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Energy landscapes of soft matter: From super-cooled liquids to liquid crystals

Final Activity Report Summary - LIQUIDXTAL (Energy landscapes of soft matter: From super-cooled liquids to liquid crystals)

Soft matter includes seemingly diverse condensed matter systems. The concepts of broken symmetry and order parameter play an important unifying role to link homogeneous isotropic liquids with short-range order at one end of the spectrum, and liquid crystals with long-range order in their anisotropic mesophases, at the other. Anisotropy in the molecular shape plays a crucial role in the rich phase behaviour that thermotropic liquid crystals exhibit upon temperature variation. Calamitic liquid crystals consist of rod-like molecules; discotic liquid crystals comprise disc-like molecules. In the absence of sufficient anisotropy in shape, an isotropic liquid can be supercooled below its freezing temperature by cooling fast enough to avoid crystallisation. The project undertaken was aimed at understanding the structure, thermodynamics, and dynamics of thermotropic liquid crystals and supercooled liquids, in a computational approach employing coarse-grained models, with special emphasis on the study of the underlying potential energy surface.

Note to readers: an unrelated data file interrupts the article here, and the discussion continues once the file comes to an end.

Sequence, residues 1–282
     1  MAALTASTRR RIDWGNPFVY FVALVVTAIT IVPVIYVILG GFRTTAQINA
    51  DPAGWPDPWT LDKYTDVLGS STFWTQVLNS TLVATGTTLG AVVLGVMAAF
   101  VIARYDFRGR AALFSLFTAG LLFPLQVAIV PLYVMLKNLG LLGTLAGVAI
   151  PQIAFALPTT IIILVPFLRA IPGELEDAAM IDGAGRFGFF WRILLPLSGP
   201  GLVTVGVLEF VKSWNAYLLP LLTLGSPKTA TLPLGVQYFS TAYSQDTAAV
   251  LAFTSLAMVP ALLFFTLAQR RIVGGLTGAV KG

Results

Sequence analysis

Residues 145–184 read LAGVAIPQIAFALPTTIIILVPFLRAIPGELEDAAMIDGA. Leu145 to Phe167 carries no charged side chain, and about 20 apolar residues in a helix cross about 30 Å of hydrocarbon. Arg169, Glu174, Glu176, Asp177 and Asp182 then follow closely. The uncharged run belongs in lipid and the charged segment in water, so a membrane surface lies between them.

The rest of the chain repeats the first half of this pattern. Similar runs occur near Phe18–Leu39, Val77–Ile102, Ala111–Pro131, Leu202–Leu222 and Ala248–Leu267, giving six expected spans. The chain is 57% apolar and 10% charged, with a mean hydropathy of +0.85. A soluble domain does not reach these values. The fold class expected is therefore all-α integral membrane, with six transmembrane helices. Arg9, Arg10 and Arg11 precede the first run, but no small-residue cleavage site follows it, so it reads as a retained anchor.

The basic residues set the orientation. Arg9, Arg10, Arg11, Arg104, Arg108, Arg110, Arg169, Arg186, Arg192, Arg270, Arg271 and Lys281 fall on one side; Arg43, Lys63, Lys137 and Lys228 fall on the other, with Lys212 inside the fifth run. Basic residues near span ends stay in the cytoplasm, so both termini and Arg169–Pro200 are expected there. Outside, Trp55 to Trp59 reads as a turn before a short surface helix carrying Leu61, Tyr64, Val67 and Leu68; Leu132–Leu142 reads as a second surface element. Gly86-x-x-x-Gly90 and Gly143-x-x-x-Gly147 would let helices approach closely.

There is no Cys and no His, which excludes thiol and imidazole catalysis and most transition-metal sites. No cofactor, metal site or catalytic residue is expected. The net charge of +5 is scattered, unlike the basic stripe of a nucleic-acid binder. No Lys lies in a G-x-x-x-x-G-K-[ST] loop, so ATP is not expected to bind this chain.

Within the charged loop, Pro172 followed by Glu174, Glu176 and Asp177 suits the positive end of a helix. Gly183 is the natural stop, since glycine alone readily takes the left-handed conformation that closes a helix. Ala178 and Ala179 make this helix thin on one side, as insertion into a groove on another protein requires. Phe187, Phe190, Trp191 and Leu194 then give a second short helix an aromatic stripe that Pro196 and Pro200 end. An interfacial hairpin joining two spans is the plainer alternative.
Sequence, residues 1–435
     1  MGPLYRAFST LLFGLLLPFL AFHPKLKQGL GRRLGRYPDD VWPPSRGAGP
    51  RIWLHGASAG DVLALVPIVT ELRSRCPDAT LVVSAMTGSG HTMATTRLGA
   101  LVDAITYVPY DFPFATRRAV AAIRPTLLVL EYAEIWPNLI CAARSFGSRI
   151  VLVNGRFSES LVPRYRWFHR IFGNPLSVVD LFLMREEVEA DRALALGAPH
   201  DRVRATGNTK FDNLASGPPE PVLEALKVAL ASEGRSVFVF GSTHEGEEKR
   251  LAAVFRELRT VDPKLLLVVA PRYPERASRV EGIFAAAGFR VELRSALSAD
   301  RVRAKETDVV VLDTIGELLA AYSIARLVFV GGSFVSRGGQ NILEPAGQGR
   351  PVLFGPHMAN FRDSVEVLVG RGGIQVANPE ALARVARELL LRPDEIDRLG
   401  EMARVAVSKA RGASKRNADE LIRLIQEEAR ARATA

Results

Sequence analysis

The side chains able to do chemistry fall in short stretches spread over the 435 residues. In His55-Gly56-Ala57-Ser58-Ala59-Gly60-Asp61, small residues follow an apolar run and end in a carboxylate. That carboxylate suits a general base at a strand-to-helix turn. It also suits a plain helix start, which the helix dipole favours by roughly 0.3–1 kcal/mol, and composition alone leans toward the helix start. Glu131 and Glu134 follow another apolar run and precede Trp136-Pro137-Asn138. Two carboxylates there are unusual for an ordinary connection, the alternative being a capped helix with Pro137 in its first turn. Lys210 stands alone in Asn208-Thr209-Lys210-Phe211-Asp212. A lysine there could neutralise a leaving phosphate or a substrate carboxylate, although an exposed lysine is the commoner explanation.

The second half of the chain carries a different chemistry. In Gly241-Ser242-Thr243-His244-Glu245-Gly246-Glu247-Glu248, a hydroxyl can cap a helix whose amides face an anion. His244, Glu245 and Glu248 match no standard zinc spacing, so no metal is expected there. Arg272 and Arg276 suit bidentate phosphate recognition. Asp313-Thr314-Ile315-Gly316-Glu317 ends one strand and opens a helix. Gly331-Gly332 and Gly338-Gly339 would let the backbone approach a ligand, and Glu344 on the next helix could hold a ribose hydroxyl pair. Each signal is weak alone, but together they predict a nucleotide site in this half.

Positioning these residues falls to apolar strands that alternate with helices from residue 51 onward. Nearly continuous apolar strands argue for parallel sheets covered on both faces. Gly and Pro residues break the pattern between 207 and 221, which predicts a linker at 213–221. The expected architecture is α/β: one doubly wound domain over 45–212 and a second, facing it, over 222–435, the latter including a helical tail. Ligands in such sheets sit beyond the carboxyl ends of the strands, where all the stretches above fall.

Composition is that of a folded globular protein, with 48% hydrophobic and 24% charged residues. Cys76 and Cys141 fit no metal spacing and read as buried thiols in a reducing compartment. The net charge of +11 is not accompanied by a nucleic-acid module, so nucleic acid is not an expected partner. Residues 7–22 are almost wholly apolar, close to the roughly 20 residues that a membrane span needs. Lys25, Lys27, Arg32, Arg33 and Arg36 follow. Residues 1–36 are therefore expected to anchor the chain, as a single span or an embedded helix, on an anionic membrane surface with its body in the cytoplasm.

We have presented the energy landscape view of phase transitions and slow dynamics in thermotropic liquid crystals. A striking similarity between thermotropic liquid crystals and supercooled liquids in the exploration of the energy landscape has been revealed. The correspondence between the onset of temperature-dependent exploration of the energy landscape and the breakdown of Arrhenius behaviour for relaxation times may suggest a common landscape mechanism for slow dynamics in soft matter systems. Our study on the phase behaviour of discotic liquid crystals has provided insight into the molecular origin of apparently counter-intuitive spatial organisation of the discogens in the columnar phase. Such understanding has important implications for the rational design of materials with useful optoelectronic applications. To further our understanding, we have explored routes to helicity for assembly of achiral building blocks.

The study suggests that the existence of two competing length scales for intermolecular interactions is the key to the emergence of helicity. We have developed a general, efficient, and robust framework of geometry optimisation for rigid bodies. This computational framework has opened up a plethora of opportunities for studying diverse applications.